As a University of Sussex student you have the right to appeal some (though not all) decisions made by the University.
For example, if you have failed a module, or your whole course; disagree with a decision made by an Academic Misconduct Panel; or the result of a particular assessment, you may wish to submit an appeal.
The University have produced a comprehensive guide to appeals which gives detailed information about the appeals procedure.
We'd strongly suggest having a look through the guide if you're considering submitting an appeal.
Meanwhile, here are five important points to bear in mind if you are considering appealing:
1. There are strict time limits
If you wish to appeal, you must do so within a fairly tight timescale; most academic appeals must be lodged within 21 calendar days of the publication of the examiners' decision. An appeal against a decision that a student is required to withdraw from the University must be lodged within 7 working days of the date of the notification letter.
View deadlines for appeals »
2. You cannot challenge ‘academic judgement’
In other words, you cannot challenge a decision just because you think a tutor/examiner has come to the wrong conclusion about your work.
Unfortunately you cannot force the University to agree to a ‘re-marking’ of your work; and thinking that the tutor has failed to appreciate the merit in your work is not a ground for appeal (see point 3 below).
View the types of decisions students can appeal »
3. You will need a ground for your appeal
You can only appeal University decision on certain grounds and you must be very clear on what basis you are disputing a decision, so it is worth familiarising yourself with the grounds before you think about submitting an appeal.
You can find an explanation of the formal grounds for appeal on the University’s website.
If your circumstances do not fit one or more of these grounds then it is unlikely that your appeal will succeed.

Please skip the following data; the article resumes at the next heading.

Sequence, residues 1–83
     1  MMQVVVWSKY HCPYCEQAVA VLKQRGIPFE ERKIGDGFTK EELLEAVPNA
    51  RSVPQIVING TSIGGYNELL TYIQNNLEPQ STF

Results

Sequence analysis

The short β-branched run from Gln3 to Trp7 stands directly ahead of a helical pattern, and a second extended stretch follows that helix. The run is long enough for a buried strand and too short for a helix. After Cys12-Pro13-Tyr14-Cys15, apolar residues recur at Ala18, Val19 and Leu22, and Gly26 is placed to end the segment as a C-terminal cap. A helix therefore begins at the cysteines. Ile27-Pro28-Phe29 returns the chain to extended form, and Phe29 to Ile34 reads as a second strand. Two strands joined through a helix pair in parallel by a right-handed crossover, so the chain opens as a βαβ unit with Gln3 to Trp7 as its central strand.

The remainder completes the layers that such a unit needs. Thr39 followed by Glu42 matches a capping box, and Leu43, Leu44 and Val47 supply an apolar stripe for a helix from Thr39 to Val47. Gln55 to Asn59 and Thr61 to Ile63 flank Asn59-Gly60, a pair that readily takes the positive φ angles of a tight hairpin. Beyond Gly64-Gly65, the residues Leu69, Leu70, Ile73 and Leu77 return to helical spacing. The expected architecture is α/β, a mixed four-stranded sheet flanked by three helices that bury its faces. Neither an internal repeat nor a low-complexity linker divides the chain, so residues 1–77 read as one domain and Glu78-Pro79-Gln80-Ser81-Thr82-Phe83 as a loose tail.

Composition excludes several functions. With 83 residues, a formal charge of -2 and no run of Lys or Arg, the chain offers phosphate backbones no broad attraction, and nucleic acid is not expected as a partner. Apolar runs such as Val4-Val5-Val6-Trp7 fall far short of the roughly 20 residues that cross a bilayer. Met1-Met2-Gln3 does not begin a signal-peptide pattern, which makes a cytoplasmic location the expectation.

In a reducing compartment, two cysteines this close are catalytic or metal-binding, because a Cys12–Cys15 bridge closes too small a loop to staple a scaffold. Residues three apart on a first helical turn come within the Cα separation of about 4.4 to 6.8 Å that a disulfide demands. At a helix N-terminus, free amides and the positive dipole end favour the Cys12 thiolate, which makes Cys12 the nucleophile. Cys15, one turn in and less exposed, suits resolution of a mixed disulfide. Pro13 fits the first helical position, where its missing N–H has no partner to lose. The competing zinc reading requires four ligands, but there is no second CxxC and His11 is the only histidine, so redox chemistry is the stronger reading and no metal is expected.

4. It is largely a paper exercise!
Nearly all appeals are decided on the basis of a student’s appeal form and supporting evidence, so it is very unlikely that you will be asked to attend a formal appeal hearing.
Therefore it is worth taking some time over the form and thinking carefully about relevant supporting evidence.
Download an appeal form »
5. You may need to complete a 'pre appeals form'
Before submitting the main appeal form you may first need to complete a 'pre appeals form'. This form is a compulsory part of the process for many types of appeals, so you may not be allowed to formally submit your appeal without having taken this step.
Find details for submitting your pre-appeals form»
1. Draft a timeline of events
Before you complete the appeal form, draft a timeline of events to help you organise your thoughts. It will help the person considering your appeal if your completed form tells your story via a coherent sequence of events, rather than jumping about all over the place.
2. Keep in mind the appeal grounds
As you explain your circumstances, try to relate them to one or more of the appeal grounds. Your appeal won’t succeed unless you can show how a ground is relevant to your situation.
As you go along, ask yourself ‘does this bit of information help me satisfy one of the grounds?’ If the answer is ‘no’ then you probably don’t need to include it.
Also try to make sure that you have addressed every part of the relevant ground somewhere in your explanation, e.g. Ground One requires that a student had ’mitigating circumstances’ which affected their performance, but also that there was a good reason why the student did not alert the University to this before the exam or essay deadline. Don’t forget to address this second part of the ground when you are telling your story!